The new chief of the Murray Darling Basin Authority has reported on his first few weeks in the job.

MDBA chief Phillip Glyde is back from a month of touring the country to connect with Basin communities.

He says he saw the confusion and frustration of those “struggling” under the plan, as well as drought and other factors, but has urged communities and governments to “stay the course”.

His comments this week come alongside the Murray-Darling Basin Authority’s annual report for 2014-15.

There was often no love lost between the MDBA and the communities Mr Glyde visited.

Many regional areas say the plan has deprived local industries of vital water supplies, but Mr Gkyde says it is a necessary sacrifice.

“What we're doing with the Basin Plan, and the whole idea governments had with the Basin Plan, was to provide that sustainable footing for Australian agricultural irrigated industries to survive,” he said.

“That, to me, is one of the great challenges that the irrigated industry has: we do have to make sure that the water use is sustainable, not just now, but over the next 20, 30, 40 years as the climate will change.

“From an environmental perspective, I think it's really important that we maintain the river. It provides a source of income for a lot of other industries: tourism, recreation, etc, and it provides a lot of social wellbeing for the communities who live around the river.

“We want to make sure that those communities are sustainable, that the environment's sustainable, that Indigenous people still get the sort of values they used to be able to get from the river.

“Being associated with trying to put the uses of the river on a sustainable footing is a really significant challenge, and one that will benefit the country in the long-run and I'm proud and delighted to be part of it.”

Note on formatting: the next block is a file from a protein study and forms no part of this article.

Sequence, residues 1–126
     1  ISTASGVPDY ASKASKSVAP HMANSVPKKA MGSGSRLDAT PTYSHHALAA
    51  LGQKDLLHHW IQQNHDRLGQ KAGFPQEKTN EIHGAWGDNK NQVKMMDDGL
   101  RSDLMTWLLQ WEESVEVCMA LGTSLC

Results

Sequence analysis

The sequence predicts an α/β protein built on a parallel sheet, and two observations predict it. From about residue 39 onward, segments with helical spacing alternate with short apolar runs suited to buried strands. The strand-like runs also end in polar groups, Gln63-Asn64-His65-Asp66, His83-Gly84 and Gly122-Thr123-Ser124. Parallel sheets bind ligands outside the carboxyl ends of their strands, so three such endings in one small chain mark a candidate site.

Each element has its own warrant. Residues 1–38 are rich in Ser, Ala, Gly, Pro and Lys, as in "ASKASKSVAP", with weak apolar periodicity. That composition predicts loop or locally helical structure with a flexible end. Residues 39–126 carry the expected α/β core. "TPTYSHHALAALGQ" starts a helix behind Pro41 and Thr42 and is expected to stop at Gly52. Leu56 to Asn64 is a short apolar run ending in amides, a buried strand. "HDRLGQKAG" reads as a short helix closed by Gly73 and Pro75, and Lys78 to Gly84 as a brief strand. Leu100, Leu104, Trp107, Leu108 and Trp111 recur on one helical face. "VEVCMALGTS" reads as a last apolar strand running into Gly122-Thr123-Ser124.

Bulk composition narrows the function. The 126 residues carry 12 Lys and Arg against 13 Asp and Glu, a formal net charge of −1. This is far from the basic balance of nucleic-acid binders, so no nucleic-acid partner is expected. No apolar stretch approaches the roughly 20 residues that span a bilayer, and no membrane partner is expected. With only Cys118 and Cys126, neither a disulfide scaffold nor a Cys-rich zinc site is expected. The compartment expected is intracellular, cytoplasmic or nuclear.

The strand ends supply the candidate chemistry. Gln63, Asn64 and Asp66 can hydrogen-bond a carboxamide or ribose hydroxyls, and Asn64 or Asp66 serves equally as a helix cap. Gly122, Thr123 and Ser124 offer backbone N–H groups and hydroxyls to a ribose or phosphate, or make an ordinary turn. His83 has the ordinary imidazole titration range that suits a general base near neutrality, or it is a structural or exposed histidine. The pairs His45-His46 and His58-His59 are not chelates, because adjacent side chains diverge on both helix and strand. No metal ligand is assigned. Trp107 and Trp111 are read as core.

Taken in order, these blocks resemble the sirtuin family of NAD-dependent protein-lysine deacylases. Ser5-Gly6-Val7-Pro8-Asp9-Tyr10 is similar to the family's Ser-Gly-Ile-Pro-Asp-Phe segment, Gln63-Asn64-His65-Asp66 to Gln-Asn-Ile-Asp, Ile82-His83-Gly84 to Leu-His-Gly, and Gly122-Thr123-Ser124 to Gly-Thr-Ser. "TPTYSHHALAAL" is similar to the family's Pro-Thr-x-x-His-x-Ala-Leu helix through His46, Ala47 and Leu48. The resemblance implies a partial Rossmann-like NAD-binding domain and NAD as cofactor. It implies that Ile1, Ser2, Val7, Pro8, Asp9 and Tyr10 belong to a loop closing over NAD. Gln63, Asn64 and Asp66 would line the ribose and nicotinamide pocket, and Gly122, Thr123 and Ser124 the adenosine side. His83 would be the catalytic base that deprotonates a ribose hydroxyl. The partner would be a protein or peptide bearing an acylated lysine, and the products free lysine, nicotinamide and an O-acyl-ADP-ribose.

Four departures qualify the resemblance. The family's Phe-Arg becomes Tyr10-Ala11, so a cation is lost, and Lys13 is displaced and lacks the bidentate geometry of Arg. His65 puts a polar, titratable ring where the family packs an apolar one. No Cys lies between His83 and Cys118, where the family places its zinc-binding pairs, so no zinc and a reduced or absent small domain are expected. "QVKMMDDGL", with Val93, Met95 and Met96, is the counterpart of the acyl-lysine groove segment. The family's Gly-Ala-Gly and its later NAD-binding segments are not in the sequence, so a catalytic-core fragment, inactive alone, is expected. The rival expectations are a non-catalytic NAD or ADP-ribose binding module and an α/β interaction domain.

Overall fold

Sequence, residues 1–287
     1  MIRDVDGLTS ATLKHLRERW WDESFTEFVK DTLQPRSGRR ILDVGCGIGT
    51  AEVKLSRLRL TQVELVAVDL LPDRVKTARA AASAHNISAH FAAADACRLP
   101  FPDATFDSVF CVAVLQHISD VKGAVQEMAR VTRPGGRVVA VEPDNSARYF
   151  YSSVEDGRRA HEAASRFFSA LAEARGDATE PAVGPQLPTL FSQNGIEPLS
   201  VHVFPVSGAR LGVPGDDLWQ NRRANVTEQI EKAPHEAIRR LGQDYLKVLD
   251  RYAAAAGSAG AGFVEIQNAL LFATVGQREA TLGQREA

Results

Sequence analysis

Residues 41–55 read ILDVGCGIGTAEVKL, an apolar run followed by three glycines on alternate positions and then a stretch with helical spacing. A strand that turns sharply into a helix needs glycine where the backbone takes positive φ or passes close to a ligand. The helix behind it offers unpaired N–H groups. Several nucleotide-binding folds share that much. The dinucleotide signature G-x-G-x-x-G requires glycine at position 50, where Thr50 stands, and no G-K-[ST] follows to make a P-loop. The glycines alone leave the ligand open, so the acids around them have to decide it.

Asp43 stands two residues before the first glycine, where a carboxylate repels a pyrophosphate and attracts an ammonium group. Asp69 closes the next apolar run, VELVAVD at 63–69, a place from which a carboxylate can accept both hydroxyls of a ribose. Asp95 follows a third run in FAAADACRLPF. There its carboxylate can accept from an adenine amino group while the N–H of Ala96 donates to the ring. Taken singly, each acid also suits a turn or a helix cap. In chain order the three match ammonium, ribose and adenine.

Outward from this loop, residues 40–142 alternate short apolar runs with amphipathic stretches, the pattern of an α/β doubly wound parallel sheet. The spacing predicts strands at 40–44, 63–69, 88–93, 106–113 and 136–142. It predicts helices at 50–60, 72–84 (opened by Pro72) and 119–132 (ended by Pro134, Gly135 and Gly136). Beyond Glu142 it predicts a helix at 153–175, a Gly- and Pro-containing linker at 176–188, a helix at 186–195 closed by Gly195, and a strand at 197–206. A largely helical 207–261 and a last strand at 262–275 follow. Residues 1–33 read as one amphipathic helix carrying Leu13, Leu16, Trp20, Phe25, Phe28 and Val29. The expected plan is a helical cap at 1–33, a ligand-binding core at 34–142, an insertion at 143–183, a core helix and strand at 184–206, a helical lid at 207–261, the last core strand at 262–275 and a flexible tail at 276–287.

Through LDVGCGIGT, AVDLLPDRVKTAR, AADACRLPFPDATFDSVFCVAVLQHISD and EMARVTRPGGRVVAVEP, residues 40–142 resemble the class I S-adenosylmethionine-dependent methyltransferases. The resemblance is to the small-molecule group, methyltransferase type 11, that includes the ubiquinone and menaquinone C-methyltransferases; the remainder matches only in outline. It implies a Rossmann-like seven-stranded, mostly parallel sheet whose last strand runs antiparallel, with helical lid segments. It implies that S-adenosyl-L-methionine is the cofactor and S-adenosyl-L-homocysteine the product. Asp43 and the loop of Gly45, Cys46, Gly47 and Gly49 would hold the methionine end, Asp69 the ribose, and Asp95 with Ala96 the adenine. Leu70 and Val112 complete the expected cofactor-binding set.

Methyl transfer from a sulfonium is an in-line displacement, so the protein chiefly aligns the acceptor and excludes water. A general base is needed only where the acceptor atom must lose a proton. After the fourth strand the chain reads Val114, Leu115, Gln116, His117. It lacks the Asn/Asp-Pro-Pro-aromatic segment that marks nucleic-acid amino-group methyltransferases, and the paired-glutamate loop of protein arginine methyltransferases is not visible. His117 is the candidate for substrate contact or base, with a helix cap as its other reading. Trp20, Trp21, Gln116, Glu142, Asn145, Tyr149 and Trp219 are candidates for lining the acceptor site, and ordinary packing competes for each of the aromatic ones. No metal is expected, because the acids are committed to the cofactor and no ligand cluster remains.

Even since it was first imposed in November 2012, the Basin Plan has been described as “a wrecking ball” by some river communities.

But the agreement between the Commonwealth, NSW, Victorian, Queensland and South Australian governments has some lofty goal, and if successful could bring sustainable benefits to all.

It aims to do this by removing 2,750 gigalitres of water entitlements from irrigated farming, redirecting them to Murray-Darling rivers and wetlands instead.

Communities that rely on irrigated industries in particular say the environment has prioritised over people and their industries.

Trying to juggle the “triple bottom line” of meeting environmental, economic and social targets is one of the biggest challenges, the MDBA chief said.

“We're not completely restoring the river to its pristine, pre-settlement condition. That's an impossibility. The fact there is a target of 2,750 gigalitres, that is in fact itself a compromise to balance economic, environmental and social needs,” he said.

“The whole approach has been triple-bottom-line, but I think it's hard sometimes if you're the person at the forefront of that change. If you're that irrigator or that community that's dependent on irrigation, then you're feeling the brunt of that change, so it's understandable that there are those views there.

“But my first month has revealed that it is a triple-bottom-line approach, and we're still trying to do that, we're still trying to make sure that the changes we're going to make to the plan over the course of 2016 will also reflect that triple-bottom-line thinking.”